I love to meditate. The process helps me to figure out my day, plan for uncertain situations, and give myself confidence to face the unexpected. I can label thoughts, sort emotions, and handle stress effectively because I’ve taken time for myself.
The only problem is that I don’t always love the process that is required to get myself into my meditation zone. I might be running late for work. Or there might be a TV show on that I want to watch. I might be hungry. Summoning the strength to actually meditate tends to be more difficult than actually meditating.
Here’s how I work on improving the strength of my willpower so that I can enjoy the process of meditating that I love so much.
#1. Getting enough sleep every night is important.
Whenever I get about 5 hours of sleep or less, my decision-making skills go out the window. I eat snacks I shouldn’t and I don’t care about the consequences. My attitude tends to be one of anger first if something doesn’t go my way. Should I meditate? Of course I should – but that cheesecake at the store looks so good…
Without enough sleep, there isn’t enough impulse control. This means you’re tempted to do things you normally wouldn’t do because the fatigue you carry in your body drains you of energy. Instead of long-term goals, you’re focused on short-term survival. So when I get enough sleep, I noticed a dramatic reduction of the cravings that can tempt me away from meditating.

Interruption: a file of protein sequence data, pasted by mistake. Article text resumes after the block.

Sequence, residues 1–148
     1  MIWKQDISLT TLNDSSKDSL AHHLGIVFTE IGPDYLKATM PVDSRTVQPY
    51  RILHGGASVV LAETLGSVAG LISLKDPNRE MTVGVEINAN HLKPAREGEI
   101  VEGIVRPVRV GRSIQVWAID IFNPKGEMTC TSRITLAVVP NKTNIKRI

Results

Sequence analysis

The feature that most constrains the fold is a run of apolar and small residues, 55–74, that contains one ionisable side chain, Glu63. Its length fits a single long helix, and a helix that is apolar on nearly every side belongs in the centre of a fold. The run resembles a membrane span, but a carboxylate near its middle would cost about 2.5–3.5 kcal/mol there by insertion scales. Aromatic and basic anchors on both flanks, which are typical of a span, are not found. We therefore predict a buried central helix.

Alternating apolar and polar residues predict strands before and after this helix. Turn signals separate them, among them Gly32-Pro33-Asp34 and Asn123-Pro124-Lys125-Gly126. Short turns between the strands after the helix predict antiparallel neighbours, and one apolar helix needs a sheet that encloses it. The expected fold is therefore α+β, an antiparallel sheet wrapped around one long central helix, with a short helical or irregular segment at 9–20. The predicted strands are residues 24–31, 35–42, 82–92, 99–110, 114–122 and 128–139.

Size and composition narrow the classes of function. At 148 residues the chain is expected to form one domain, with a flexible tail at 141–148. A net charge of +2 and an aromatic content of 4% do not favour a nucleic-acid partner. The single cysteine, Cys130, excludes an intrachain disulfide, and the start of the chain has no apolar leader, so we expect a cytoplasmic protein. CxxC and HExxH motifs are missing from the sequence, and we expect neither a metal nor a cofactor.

#2. Be willing to forgive yourself.
Not every meditation opportunity goes perfectly. There are times when I focus on the neighbor grilling hamburgers more than the stressful issues I’m facing. Or maybe my leg falls asleep and all I can focus on are those pins and needles. If I can forgive myself for not being perfect, I find that it is a lot easier to reach my daily goals.
It doesn’t take long for meditation to be effective. I shoot for 90 minutes each day, but 10 minutes can be good enough. If you aren’t meditating right now, I would highly encourage you to give it a try. It was very difficult for me to forgive myself of my failures when meditation wasn’t part of my life.
#3. Get outside and take a walk.
I’ve found that my self-control increases exponentially when I can find time to exercise. Whether it’s a walk around the park or 60 minutes on a treadmill, every little bit counts to strengthen my willpower. What’s great about exercise is that the strengthening process is also contagious. When you feel strong, you want to work on becoming stronger.
#4. A good input is required for a good output.
There’s this old song I was taught growing up that goes something like this: “Input. Output. What goes in is what comes out.”
When it comes to my dietary choices, that is very true. If I eat junk food, I get junk results from my willpower. If I take care of myself by eating healthy items, even if I’m craving Skittles like mad crazy, then my willpower is stronger because I’ve made a stronger eating choice.
By avoiding caffeine and sugar spikes, I can avoid the crashes that come which can demotivate me to meditate.
Finding ways to increase the strength of your willpower might seem difficult, but it doesn’t have to be. Something as simple as getting a little exercise each day and substituting one sugary item for a healthy one can give you the energy that is needed.
What are your strategies for keeping your willpower strong? I’d love to hear about what you’ve discovered that has made a difference in your life.